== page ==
Talks with Chad Hoefler
Twilight in the Offing
AV: You began your musical training at a very early age, was this something you wanted to do or was it more along the lines of the obligatory lessons that parents sometimes choose for their children?
CH: Music lessons at first were obligatory in the sense that my parents strongly encouraged me to try new things. Their parenting strategy was to expose me and my siblings to myriad activities including the arts when we were young, and then give us the freedom to choose our own paths. (I have since become a hopeless neophile). I began taking formal guitar lessons at age 6 and continued for a few years, after which I decided to pursue piano lessons.
AV: How formal was your music training and how did the training you received over the years help you to establish the style that eventually became your own?
CH: Piano lessons were quite formal over the 9 years that I took them. I had a wonderful teacher, Eloise Bates, who taught styles from The Three B's school--Bach, Beethoven, and Brahms. In addition to teaching how to play and read music, she would also assign weekly written homework that was designed to teach the theory behind musical scales from a mathematical point of view. Weekly lessons culminated in annual public recitals, which were as well-attended as they were nerve-racking: performing in public was my least favorite aspect of music making.
I also participated in "Orf Band" in elementary school, which was a small performing group led by the school's music teacher. This experience exposed me to a terrific diversity in instruments; and, at that time, I had a penchant for wooden instruments (e.g., xylophones).
In addition to instrument playing, I also participated in school choirs, which was a lot of fun and allowed me to travel to Washington D.C. twice to compete nationally. But it was participating in a group called "Junior Music Club" that first exposed me to electronic instruments. I recall very clearly how mind-numbingly awestruck I was by the sounds that one could make with synthesizers, and I can't say that those feelings have waned. So formal lessons were quite valuable (very so in retrospect), but I can't claim that they led me to the genre of music that I enjoy working in today.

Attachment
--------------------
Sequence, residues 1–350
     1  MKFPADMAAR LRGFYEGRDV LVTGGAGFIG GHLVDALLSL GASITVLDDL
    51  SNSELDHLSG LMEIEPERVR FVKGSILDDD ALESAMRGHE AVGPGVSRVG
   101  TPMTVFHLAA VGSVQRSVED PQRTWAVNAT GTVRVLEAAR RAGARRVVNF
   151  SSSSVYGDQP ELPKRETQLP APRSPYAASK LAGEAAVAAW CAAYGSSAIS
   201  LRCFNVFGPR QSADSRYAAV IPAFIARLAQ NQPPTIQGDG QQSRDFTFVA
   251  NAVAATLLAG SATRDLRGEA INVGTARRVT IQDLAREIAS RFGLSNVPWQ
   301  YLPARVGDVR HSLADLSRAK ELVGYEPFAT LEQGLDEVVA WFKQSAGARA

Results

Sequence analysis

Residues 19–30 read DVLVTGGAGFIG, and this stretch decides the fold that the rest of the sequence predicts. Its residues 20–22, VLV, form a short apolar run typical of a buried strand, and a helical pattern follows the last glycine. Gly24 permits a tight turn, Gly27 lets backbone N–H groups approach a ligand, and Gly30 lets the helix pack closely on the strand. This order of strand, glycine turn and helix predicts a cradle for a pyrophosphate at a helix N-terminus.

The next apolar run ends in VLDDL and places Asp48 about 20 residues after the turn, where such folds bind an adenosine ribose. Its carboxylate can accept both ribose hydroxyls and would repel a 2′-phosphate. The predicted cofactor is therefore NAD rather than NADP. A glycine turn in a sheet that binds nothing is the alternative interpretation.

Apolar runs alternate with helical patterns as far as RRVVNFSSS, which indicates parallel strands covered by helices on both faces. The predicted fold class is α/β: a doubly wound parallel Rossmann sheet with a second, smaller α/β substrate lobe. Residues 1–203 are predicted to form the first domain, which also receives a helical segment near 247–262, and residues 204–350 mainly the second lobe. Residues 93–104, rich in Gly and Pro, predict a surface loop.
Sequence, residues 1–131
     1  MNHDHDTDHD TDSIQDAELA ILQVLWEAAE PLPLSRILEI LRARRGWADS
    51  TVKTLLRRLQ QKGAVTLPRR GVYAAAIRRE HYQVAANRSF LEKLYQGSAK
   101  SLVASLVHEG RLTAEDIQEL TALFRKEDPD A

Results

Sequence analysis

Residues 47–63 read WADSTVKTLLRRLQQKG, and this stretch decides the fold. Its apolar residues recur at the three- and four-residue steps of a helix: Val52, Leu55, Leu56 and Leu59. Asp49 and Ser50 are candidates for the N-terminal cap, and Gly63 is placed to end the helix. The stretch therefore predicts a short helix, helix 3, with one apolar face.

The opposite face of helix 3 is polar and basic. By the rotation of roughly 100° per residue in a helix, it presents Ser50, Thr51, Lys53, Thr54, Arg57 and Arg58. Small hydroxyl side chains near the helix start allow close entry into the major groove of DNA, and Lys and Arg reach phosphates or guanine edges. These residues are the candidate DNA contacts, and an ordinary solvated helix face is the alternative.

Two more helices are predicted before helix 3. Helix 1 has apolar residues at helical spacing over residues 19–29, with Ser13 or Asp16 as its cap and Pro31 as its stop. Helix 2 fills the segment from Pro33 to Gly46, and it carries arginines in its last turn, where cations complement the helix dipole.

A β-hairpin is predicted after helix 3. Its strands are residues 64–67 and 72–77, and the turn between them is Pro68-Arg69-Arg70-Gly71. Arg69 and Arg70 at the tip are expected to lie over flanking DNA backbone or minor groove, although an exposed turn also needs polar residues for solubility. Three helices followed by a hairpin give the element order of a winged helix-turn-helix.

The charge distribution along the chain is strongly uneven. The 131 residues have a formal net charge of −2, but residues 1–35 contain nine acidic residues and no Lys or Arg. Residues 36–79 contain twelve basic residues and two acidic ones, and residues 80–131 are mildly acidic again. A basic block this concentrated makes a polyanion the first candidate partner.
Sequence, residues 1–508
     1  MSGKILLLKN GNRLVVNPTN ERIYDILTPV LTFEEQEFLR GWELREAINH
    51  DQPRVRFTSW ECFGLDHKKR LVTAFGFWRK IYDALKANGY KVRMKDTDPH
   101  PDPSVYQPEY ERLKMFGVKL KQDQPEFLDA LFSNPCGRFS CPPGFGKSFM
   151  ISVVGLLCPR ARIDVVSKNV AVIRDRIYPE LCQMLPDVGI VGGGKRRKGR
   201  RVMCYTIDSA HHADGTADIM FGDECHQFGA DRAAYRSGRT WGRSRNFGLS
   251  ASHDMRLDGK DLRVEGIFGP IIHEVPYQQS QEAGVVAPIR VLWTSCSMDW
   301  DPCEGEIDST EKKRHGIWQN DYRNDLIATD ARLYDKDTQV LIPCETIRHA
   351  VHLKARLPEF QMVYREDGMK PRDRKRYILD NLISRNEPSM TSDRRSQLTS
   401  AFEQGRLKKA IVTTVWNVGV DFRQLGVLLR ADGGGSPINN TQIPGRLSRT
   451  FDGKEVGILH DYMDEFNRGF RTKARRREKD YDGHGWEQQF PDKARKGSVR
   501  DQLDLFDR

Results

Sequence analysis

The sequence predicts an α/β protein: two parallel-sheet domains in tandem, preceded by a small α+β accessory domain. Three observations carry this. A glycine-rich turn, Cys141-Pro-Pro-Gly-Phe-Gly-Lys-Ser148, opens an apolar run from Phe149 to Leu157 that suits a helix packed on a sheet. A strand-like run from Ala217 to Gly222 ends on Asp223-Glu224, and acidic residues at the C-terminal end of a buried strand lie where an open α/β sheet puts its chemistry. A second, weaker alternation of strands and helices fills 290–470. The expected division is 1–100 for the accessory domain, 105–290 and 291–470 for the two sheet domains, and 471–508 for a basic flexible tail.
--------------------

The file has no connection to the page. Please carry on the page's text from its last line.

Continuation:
However, I do often return to the key signatures that I played the most as a student of piano.
AV: Was there a particular instrument that you excelled on during these formative years?
CH: Because I stuck with piano longer than anything else, I would have to say that it was probably my best instrument.
AV: Besides music you also had other very strong interests growing up and that was biological and cosmological phenomena. Tell me about how these interests were able to shape your views in relation to your music and to sound in general.
CH: I feel very lucky that my parents didn't quash my sense of wonder as a child: quite to the contrary, it was enriched. At a very early age, I spent hours watching insects and spiders, exploring vernal pools, and gazing into space. I recall feelings of excitement when science teachers would plan for outdoors activities during solar eclipses, etc. Discovering the physics and biology behind these interests only elevated my fondness for the natural world, and it is the reason why I am a professional biologist today.